If I’m hanging onto something, it’s being pulled down by my weight. But if I do a pull-up, does it get pulled down with more force or is it unchanged?


I tried to do think it out but I can’t really wrap my head around the math and where to start.

In: 5

It gets pulled down with more force.

To give a similar but maybe more recognisable example, does jumping up from something push it down?

Also yes, that’s how trampolines work.

If you’re accelerating up due to the force of your legs or arms acting on your centre of mass, an equal but opposite force has to act on whatever your feet/hands are touching.

In vacuum, if you “pulled up” on something, you’d end up pulling it and yourself to your common centre of mass.

If you “jumped off” something, you’d both be accelerated away proportionally to your mass.

Another easy illustration is weighing yourself in an elevator. You’ll see your weight increase when the elevator accelerates up, because you’re exerting more force to stay upright. Otherwise you’d collapse towards the floor of the elevator at the same rate as a stationary reference point outside of it.

Imagine yourself floating in space without the earth below you, or the bar above you, doing the same motion as a pull up. You’re essentially pulling your arms down, and your legs up.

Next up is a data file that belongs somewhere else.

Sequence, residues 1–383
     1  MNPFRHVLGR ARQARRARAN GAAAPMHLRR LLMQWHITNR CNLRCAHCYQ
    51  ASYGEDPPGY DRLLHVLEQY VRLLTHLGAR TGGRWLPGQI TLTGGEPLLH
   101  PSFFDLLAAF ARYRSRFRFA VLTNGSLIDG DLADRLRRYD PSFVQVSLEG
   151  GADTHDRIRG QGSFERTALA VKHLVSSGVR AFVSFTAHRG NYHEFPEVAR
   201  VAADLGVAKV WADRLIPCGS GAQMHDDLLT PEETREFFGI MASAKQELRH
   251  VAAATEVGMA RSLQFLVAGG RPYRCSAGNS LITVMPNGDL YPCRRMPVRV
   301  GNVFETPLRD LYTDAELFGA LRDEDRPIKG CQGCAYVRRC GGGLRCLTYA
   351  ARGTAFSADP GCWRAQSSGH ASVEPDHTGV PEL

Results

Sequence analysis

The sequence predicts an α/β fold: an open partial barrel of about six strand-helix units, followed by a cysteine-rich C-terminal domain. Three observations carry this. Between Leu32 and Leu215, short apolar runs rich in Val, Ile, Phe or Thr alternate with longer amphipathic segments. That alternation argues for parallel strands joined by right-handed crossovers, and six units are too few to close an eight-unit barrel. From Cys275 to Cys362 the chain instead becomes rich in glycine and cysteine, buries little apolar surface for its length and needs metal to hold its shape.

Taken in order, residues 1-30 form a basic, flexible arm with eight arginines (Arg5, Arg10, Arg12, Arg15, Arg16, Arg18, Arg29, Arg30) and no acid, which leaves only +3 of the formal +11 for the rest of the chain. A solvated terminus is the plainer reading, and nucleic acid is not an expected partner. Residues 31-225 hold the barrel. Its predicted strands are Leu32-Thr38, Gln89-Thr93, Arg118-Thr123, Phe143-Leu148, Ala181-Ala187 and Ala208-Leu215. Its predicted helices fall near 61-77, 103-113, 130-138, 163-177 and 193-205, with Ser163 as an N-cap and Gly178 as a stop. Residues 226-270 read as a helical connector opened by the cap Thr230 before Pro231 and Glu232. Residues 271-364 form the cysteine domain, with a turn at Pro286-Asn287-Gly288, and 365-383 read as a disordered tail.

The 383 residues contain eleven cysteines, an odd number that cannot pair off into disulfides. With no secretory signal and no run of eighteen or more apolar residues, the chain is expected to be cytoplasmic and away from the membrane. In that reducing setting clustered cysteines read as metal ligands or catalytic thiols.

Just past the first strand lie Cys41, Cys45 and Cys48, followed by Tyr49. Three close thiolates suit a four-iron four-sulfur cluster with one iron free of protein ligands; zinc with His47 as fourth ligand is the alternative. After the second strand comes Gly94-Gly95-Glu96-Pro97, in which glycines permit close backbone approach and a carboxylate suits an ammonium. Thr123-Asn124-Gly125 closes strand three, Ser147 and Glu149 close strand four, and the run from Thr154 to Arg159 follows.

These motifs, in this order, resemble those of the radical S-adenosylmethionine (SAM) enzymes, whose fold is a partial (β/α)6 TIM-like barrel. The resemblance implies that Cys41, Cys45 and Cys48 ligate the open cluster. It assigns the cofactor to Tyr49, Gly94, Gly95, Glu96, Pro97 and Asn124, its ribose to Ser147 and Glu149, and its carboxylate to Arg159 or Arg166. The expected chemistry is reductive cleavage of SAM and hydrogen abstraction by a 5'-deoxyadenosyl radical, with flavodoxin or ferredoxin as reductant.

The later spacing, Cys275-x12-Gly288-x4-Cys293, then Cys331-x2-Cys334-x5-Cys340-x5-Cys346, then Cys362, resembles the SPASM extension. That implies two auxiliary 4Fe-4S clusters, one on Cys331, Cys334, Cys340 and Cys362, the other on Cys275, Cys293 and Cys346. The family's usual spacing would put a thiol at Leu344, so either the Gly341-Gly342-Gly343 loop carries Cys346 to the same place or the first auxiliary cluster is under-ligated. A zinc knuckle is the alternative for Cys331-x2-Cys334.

Even though the earth is below us pulling down, it’s still not that much different than being in space. If you consider yourself the “center,” of the system, then you’re still pulling the bar down, however the earth just so happens to be pulling both you *and* the bar down at the same time you’re pulling the bar towards you.

ELI13: As a physical object you still have inertia, meaning the mass of your body just like any other physical object resists speeding up or slowing down. This inertia acts as a sort of “anchor,” which wants to hold you in place, so as you try to pull yourself towards the bar, you’re not just overcoming gravity, but your stationary inertia as well, and the bar has to counteract that extra force. If it doesn’t counteract that force, then the bar will move towards you i.e. break and hit you in the face.

The breakdown of forces would be something like this:

You are hanging down with your hands straight: Your hand is pulling down the bar with your weight, and your hand (and body which is attached to it) experiences upward force equal to that, keeping you from falling, acceleration is 0, so net force is 0

You pull yourself up: You accelerate up, so net force cannot be 0 anymore, you pull the bar (and consequently earth itself that is attached to it) down, while you go up

When you start pulling, you accelerate up. By Newton’s 3rd law, the bar needs to be pulled down more. From then, if you ascend at a constant velocity, the bar is only experiencing your weight. When you reach the top and slow to a stop, you are accelerating downward, so the bar experiences less downward force until you stop again. Hanging with your arms flexed means the bar only holds your weight.

It would look like this on a graph


First flat section is just hanging, then they start ascending, then the next flat section is the ascent, then they stop, and the last flat section is hanging with the arms flexed.